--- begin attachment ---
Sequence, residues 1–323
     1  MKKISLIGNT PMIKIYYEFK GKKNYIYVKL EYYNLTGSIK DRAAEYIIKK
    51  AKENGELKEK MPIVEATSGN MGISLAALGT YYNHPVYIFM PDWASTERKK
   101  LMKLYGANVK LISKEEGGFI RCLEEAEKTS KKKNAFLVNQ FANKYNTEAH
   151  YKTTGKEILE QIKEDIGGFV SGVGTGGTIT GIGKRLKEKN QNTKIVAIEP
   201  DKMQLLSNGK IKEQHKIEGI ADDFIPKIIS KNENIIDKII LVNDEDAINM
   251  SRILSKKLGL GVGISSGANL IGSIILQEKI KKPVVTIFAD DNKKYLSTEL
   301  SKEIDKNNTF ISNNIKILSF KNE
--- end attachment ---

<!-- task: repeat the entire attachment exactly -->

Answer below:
Sequence, residues 1–323
     1  MKKISLIGNT PMIKIYYEFK GKKNYIYVKL EYYNLTGSIK DRAAEYIIKK
    51  AKENGELKEK MPIVEATSGN MGISLAALGT YYNHPVYIFM PDWASTERKK
   101  LMKLYGANVK LISKEEGGFI RCLEEAEKTS KKKNAFLVNQ FANKYNTEAH
   151  YKTTGKEILE QIKEDIGGFV SGVGTGGTIT GIGKRLKEKN QNTKIVAIEP
   201  DKMQLLSNGK IKEQHKIEGI ADDFIPKIIS KNENIIDKII LVNDEDAINM
   251  SRILSKKLGL GVGISSGANL IGSIILQEKI KKPVVTIFAD DNKKYLSTEL
   301  SKEIDKNNTF ISNNIKILSF KNE